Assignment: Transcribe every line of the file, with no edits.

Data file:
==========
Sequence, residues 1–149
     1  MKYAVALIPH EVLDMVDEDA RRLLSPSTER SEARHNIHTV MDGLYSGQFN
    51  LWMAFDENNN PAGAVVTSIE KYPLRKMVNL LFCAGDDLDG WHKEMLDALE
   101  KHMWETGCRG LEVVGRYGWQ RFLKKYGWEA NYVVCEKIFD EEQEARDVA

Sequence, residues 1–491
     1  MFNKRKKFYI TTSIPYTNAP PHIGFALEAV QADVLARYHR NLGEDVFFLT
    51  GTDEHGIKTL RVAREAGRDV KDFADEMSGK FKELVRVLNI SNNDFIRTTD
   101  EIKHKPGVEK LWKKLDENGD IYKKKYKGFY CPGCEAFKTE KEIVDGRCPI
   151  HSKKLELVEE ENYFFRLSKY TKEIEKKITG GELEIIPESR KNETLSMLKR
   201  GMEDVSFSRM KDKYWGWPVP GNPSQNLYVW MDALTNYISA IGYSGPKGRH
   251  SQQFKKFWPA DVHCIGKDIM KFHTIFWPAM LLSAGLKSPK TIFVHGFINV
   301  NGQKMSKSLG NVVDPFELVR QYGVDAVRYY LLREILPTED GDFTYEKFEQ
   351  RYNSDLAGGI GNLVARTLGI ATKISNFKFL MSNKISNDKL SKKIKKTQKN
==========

Sequence, residues 1–149
     1  MKYAVALIPH EVLDMVDEDA RRLLSPSTER SEARHNIHTV MDGLYSGQFN
    51  LWMAFDENNN PAGAVVTSIE KYPLRKMVNL LFCAGDDLDG WHKEMLDALE
   101  KHMWETGCRG LEVVGRYGWQ RFLKKYGWEA NYVVCEKIFD EEQEARDVA

Sequence, residues 1–491
     1  MFNKRKKFYI TTSIPYTNAP PHIGFALEAV QADVLARYHR NLGEDVFFLT
    51  GTDEHGIKTL RVAREAGRDV KDFADEMSGK FKELVRVLNI SNNDFIRTTD
   101  EIKHKPGVEK LWKKLDENGD IYKKKYKGFY CPGCEAFKTE KEIVDGRCPI
   151  HSKKLELVEE ENYFFRLSKY TKEIEKKITG GELEIIPESR KNETLSMLKR
   201  GMEDVSFSRM KDKYWGWPVP GNPSQNLYVW MDALTNYISA IGYSGPKGRH
   251  SQQFKKFWPA DVHCIGKDIM KFHTIFWPAM LLSAGLKSPK TIFVHGFINV
   301  NGQKMSKSLG NVVDPFELVR QYGVDAVRYY LLREILPTED GDFTYEKFEQ
   351  RYNSDLAGGI GNLVARTLGI ATKISNFKFL MSNKISNDKL SKKIKKTQKN